Are You Allowed To Record Video Of Police in NJ?

Are you allowed to record video of police?

In one word, YES.

As the New Jersey American Civil Liberties Union (ACLU) Legal Director, Ed Barocas said, “holding that camera up to police officers is very much protected by the First Amendment and common law.”

According to Robert W. Fox, president of the New Jersey State Fraternal Order of Police, police should face the realities of cellphone footage.

​”We tell our officers…that, anything they do, consider themselves being filmed,” Fox said. “No matter where you are anymore, there is some sort of video on the incident – whether it comes from a building camera or an individual cellphone or things like that.”

Are Cell Phone Videos Protecting Citizens In New Ways?

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New Jersey’s ACLU Promotes
​A New App To Keep Police Accountable

According to New Jersey’s ACLU, citizens can now hold the police accountable using the ACLU of New Jersey’s smartphone app. It lets you film the police and send the footage directly to ACLU of New Jersey staff to evaluate civil rights and civil liberties violations.

The app is called MobileJustice and people an download it on Android and Apple iOS devices.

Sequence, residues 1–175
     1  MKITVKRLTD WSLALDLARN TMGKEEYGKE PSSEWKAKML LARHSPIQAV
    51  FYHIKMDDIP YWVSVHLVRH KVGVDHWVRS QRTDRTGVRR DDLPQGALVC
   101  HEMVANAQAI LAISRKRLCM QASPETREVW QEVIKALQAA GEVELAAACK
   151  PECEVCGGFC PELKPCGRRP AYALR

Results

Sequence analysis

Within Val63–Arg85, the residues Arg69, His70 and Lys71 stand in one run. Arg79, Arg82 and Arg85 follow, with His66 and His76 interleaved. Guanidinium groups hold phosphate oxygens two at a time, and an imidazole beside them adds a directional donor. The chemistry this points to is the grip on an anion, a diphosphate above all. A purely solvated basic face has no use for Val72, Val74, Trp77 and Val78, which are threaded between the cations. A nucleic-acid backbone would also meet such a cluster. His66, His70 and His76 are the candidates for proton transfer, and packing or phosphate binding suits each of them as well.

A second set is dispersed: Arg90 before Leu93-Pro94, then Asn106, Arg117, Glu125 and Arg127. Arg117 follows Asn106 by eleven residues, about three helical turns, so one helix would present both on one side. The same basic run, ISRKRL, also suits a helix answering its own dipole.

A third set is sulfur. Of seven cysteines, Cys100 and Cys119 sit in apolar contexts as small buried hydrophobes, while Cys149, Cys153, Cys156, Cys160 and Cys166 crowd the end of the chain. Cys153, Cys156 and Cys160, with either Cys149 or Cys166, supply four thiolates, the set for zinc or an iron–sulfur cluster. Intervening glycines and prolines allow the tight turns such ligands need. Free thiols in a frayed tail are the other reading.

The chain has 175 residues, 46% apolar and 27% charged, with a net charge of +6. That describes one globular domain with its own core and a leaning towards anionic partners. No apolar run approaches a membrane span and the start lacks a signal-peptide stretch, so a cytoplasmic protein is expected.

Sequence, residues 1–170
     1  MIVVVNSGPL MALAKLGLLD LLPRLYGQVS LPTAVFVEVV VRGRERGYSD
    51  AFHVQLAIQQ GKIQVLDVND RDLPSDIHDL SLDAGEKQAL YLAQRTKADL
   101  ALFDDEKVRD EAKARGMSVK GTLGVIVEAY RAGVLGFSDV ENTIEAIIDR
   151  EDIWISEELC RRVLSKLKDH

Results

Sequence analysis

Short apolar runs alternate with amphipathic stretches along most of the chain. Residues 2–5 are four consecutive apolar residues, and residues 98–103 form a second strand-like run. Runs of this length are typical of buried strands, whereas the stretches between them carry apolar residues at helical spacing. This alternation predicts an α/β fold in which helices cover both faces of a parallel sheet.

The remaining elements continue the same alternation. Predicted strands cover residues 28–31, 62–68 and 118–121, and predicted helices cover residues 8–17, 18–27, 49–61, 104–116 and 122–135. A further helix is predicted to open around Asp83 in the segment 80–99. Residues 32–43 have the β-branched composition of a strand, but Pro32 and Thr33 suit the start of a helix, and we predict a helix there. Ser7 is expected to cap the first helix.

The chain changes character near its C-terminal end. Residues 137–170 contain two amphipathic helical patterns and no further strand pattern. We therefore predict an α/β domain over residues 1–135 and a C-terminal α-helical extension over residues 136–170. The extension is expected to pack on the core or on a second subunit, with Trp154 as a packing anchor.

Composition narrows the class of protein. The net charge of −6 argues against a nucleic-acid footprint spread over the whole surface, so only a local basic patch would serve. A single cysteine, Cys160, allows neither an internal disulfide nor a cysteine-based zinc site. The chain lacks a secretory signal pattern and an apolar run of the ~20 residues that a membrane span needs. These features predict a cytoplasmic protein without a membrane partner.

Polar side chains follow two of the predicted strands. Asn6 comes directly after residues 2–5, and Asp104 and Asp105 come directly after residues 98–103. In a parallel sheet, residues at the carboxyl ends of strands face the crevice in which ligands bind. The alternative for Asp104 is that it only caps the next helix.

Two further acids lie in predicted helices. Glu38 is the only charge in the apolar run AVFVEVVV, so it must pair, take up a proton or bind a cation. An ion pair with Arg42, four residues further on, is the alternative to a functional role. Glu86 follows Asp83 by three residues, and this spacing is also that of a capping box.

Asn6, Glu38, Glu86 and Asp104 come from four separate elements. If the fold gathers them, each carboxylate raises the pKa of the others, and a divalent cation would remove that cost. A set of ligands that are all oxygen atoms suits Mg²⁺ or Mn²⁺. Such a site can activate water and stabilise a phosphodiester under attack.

Mobile Justice lets you:

  • Record audio and video using the app or phone buttons
  • Send recordings to the ACLU, even if the phone is later seized or broken
  • Share location with nearby MobileJustice users for strength in numbers
  • Operate the phone with a locked screen, which helps retain the footage even if police seize the phone
The NJ ACLU explains, “Communities across the U.S. continue to suffer from over-policing, racial profiling and excessive use of force. Empowered by the American Civil Liberties Union of New Jersey, the Mobile Justice NJ app is one way you can put a check on law enforcement misconduct wherever, whenever.”

With this app you can also:​

  • ​​​Record and submit incidents directly and securely to your local ACLU of New Jersey affiliate using your phone camera.
  • Get instant location alerts from fellow app users witnessing incidents nearby.
  • Know your rights when encountering or witnessing an incident with law enforcement, and access the ACLU’s full library of “Know Your Rights” materials at the click of a button.
  • Keep up-to-date on local and statewide actions and events hosted by the ACLU.
New Jersey’s ACLU is one of the first states in the country to offer this technology.

Know Your Rights

Whether you are a Photographer, Journalist or Bystander, if you intend to photograph or video record anything, the NJ ACLU recommends that you familiarize yourself with the following:
  • When in public spaces, where you are lawfully present, you have the right to photograph anything in plain view.
  • Police officers may not confiscate or demand to view your digital photographs or video without a warrant.
  • Police may not delete your photographs or video under any circumstances.
  • Police officers may legitimately order citizens to cease activities that are truly interfering with legitimate law enforcement operations.
  • If you are stopped or detained for taking photographs, remain polite and never physically resist a police officer.
Always remember safety first! Do not interfere with the police investigation. Always remain polite and never resist a police officer or obstruct justice.
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